.infobox {
  padding: 1em 1em 1em 4em;
  margin-bottom: 10px;
  border: 2px solid orange;
  border-radius: 10px;
  background: #f5f5f5 5px center/3em no-repeat;
}

.caution {
  background-image: url("images/caution.png");
}

Note that we used two class names, .infobox and .caution, on the outer block. The infobox class will be used to define the shaded box with a colored border, and the caution class will be used to include the image. The advantage of using two classes is that we can define more blocks with different icons without repeating the setup of the shaded box. For example, if we need a warning box, we only need to define the CSS rule without repeating rules in .infobox:

.warning {
  background-image: url("images/warning.png");
}

Then you can create a warning box with the Markdown source code below:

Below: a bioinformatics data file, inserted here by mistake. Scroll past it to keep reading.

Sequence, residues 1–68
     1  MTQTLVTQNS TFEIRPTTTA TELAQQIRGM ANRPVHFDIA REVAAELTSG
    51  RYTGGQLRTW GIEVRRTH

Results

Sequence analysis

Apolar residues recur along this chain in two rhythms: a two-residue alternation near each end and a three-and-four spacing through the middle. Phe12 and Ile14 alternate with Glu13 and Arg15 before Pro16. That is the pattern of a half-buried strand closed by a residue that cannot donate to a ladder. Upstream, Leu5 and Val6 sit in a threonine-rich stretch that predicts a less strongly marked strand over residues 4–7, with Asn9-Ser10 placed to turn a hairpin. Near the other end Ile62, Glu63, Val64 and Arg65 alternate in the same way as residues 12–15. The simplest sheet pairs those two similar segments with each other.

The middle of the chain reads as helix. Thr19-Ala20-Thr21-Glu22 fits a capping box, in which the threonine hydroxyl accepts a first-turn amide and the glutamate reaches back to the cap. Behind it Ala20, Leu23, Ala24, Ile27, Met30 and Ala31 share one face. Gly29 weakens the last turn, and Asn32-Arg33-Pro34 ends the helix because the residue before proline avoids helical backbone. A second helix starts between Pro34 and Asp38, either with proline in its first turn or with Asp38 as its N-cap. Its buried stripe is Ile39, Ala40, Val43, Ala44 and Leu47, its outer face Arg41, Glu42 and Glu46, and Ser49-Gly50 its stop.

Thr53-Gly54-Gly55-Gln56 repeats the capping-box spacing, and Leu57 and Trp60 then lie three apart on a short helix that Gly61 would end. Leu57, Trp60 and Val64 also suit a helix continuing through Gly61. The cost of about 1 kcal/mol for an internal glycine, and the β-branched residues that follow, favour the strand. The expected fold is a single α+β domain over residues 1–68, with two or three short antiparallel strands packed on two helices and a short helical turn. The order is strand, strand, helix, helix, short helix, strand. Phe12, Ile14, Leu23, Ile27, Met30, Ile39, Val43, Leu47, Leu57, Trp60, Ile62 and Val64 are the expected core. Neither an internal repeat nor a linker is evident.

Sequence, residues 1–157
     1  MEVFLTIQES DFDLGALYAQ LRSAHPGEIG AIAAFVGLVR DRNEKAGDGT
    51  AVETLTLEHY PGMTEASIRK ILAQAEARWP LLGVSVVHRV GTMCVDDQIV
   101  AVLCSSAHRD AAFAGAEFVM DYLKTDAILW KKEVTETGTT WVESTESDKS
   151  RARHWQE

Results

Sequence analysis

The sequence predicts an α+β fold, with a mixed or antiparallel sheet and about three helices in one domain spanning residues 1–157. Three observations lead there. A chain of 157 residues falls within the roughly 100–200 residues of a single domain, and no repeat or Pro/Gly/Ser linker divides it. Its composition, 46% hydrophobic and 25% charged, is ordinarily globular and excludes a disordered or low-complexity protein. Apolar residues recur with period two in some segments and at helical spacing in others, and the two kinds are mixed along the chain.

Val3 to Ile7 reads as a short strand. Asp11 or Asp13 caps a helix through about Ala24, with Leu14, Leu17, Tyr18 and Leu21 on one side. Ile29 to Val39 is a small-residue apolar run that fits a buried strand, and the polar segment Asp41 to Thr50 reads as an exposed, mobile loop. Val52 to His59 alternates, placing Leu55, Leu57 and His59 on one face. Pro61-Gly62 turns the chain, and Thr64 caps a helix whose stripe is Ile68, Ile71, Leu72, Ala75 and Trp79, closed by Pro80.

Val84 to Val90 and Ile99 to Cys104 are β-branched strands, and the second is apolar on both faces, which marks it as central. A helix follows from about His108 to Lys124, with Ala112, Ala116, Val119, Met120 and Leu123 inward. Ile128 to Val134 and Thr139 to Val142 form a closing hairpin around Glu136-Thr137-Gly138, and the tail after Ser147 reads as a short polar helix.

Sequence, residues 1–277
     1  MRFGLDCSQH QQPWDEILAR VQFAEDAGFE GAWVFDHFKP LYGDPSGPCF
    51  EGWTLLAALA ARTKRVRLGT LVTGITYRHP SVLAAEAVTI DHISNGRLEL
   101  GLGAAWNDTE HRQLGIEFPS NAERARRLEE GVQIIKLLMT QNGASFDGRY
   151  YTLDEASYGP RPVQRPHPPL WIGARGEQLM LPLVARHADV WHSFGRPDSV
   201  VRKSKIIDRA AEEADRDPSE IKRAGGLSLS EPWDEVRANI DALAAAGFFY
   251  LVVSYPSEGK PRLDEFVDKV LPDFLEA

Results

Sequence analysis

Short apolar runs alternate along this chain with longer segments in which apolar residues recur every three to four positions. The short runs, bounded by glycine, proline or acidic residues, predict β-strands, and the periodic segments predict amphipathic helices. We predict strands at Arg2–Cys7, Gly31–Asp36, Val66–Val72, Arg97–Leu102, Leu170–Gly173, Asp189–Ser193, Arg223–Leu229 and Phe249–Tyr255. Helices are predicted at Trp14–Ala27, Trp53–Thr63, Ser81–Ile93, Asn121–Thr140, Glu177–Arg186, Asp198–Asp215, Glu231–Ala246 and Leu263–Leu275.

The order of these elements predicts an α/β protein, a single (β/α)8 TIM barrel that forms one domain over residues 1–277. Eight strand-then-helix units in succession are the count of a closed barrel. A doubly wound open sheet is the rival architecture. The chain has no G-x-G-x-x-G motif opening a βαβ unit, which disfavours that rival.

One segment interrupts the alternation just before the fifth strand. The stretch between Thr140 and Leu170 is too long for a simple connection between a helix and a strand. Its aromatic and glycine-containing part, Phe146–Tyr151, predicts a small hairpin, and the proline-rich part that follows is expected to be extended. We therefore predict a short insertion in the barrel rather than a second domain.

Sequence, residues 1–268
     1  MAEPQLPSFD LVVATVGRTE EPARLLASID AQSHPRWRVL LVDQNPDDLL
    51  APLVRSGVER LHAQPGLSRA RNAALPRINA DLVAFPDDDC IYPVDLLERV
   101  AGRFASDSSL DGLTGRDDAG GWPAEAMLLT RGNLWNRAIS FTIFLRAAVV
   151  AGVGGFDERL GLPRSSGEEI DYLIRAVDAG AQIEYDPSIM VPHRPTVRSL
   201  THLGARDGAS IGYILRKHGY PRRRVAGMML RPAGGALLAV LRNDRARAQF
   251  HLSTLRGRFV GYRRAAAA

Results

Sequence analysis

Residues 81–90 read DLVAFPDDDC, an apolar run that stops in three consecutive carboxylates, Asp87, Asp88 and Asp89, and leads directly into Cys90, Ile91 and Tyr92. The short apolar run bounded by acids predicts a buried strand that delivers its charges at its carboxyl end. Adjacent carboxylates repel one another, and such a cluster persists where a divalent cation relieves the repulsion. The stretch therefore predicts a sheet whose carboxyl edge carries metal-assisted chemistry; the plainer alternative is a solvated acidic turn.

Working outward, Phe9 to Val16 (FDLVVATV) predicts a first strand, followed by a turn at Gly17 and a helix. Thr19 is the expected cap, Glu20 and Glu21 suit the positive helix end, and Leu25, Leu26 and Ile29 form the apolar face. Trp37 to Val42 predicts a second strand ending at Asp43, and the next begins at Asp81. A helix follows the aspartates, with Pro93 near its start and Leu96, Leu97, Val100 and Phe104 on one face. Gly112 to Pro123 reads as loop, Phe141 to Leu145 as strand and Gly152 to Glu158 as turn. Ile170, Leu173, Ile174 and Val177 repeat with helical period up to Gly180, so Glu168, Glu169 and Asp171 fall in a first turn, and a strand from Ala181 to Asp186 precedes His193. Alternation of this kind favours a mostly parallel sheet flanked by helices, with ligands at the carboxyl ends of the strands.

:::: {.infobox .warning data-latex="warning"}

Include the actual content here.

::::

For the PDF output, we can create an infobox environment based on the blackbox environment defined in the previous example, and add the icon to the left side of the box. There are multiple ways of including images in a LaTeX environment, and here is only one of them (it does not precisely reproduce the box style defined in CSS above):

\newenvironment{infobox}[1]
  {
  \begin{itemize}
  \renewcommand{\labelitemi}{
    \raisebox{-.7\height}[0pt][0pt]{
      {\setkeys{Gin}{width=3em,keepaspectratio}
        \includegraphics{images/#1}}
    }
  }
  \setlength{\fboxsep}{1em}
  \begin{blackbox}
  \item
  }
  {
  \end{blackbox}
  \end{itemize}
  }

Below we show more example blocks with different icons:

NOTICE!

Thank you for noticing this new notice! Your noticing it has been noted, and will be reported to the authorities!

NOTICE!

Thank you for noticing this new notice! Your noticing it has been noted, and will be reported to the authorities!

NOTICE!

Thank you for noticing this new notice! Your noticing it has been noted, and will be reported to the authorities!

NOTICE!

Thank you for noticing this new notice! Your noticing it has been noted, and will be reported to the authorities!